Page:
However, since Anderson passed away in 2012, it will probably be simpler for Macca to 'come out' and be ingratiated into the extended Tracy family. Full speed ahead.





* I am aware that TV in this country at the time was black and white, but Thunderbird merchandising, though in its infancy, (comics, toys etc.) was still a thing.


Friday, 18 October 2019

The Dude Abides

Library photo; I'm not Pete bloody Townshend
I tweeted last week that my guitar was in dock. I'd suffered a six string malfunction just prior to playing a terrific local Open Mic session at the top of my road. I shan't bore you with the details, suffice it to say that with the help of three people, normal service has been resumed.

Erica - for lending me her guitar that night.
Ben - my good friend at the Crafty Teller for giving me the phone number of...
Dicky Fontaine - guitar doctor extraordinaire; a shining light in these times of doom & despair; a Dude.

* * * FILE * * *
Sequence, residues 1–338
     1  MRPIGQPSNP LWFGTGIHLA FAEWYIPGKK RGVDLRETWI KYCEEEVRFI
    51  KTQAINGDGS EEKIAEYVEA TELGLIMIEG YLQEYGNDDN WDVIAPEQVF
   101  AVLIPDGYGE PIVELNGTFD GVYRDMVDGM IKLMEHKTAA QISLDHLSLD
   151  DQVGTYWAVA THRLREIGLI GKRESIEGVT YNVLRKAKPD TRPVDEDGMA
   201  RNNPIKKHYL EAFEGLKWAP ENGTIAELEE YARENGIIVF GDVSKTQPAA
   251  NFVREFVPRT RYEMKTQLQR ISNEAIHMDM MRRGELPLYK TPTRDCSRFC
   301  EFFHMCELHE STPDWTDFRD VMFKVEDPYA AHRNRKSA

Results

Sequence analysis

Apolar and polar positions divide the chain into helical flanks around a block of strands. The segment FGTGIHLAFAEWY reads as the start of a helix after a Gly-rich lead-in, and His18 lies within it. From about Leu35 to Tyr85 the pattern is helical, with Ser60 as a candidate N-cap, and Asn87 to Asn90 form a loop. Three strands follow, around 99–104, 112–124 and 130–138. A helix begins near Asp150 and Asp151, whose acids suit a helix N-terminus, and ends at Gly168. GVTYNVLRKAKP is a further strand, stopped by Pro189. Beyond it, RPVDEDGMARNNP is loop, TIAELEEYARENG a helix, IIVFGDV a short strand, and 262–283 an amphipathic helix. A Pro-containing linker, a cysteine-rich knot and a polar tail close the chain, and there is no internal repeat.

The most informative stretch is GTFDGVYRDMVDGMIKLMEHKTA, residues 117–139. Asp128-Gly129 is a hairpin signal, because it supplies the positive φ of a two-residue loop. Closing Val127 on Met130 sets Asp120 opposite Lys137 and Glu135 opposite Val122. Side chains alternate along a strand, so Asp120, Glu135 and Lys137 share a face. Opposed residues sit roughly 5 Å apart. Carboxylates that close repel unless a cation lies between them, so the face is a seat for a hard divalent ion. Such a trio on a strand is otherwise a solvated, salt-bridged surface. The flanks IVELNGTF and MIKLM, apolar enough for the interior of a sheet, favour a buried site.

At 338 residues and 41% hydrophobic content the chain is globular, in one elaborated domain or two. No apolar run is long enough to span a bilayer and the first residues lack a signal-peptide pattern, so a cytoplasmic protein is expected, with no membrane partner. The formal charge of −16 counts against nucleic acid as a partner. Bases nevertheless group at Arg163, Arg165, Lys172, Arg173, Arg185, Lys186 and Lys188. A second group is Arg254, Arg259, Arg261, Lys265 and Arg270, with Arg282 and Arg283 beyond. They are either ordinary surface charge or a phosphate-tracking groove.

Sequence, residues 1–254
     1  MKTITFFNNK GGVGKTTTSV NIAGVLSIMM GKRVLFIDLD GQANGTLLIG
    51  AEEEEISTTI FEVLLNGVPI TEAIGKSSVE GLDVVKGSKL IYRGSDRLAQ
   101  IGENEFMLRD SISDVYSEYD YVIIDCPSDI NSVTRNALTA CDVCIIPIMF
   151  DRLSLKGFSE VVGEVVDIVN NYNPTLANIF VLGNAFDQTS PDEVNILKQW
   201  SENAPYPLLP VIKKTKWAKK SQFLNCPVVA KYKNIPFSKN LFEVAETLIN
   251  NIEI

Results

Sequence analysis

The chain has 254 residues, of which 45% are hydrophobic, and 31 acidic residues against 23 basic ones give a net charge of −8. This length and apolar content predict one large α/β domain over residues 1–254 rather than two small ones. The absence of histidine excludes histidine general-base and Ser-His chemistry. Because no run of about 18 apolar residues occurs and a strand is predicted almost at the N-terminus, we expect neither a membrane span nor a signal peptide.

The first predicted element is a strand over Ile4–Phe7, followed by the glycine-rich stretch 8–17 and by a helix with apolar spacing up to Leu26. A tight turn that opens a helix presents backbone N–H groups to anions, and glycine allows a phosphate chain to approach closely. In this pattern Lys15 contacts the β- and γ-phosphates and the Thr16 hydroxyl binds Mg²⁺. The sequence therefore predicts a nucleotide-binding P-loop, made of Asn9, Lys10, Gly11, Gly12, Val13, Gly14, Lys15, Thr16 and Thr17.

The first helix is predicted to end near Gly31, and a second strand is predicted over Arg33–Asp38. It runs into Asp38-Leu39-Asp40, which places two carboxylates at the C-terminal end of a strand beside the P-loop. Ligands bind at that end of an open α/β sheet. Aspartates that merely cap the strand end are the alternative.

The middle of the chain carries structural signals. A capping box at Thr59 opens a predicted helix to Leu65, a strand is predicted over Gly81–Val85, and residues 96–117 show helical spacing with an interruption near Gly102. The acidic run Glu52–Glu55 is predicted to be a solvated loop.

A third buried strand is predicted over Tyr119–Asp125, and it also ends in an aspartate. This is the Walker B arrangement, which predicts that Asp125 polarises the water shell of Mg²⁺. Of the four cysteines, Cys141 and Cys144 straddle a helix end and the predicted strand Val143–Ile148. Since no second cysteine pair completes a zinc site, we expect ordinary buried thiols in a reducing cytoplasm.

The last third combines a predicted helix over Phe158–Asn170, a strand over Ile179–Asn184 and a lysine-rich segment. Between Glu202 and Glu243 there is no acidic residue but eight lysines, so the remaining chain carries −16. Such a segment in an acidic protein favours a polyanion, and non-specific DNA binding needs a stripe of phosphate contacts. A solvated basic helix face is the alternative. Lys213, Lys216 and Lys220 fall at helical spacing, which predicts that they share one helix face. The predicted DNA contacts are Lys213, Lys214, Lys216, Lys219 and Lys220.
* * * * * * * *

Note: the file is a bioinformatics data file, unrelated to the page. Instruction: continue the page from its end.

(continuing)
Thank you all. Especially Dicky. Have a great tour, man.


Dicky Fontaine, Nottingham 2019

Tuesday, 15 October 2019

Alright


The Late Late Show comes out of Dublin every Friday night and is as Irish as, I don't know, leprechauns. The Blarney Stone. Father Ted. Tell you what, roll all three of those into one, put it into an RTÉ television studio and that's the Late Late (as it's known over there). It's been running since 1961 and in that time has only had five presenters, including the saint like Gay Byrne and the irrepressible Gerry Ryan.

D. Cullen on the other hand, whilst very much Irish, is still only a gossoon; he's barely old enough to remember the Millennium. But that didn't stop him playing his new single on the show earlier this month; or bringing a choir with him. Fair play. I think if I was debuting my new single on Ireland's Number 1 chat show, I'd bring along a choir. And a tasty horn section. And a few friends too, what the hell.

So, I don't know what it is - whether it's his voice, the piano, the tempo, or even the choir but I definitely get the feeling John Lennon would approve. I certainly do - it's a shoo in for my end of year Best Of, to be sure.

D. Cullen - Alright (2019)

Friday, 11 October 2019

That much I do remember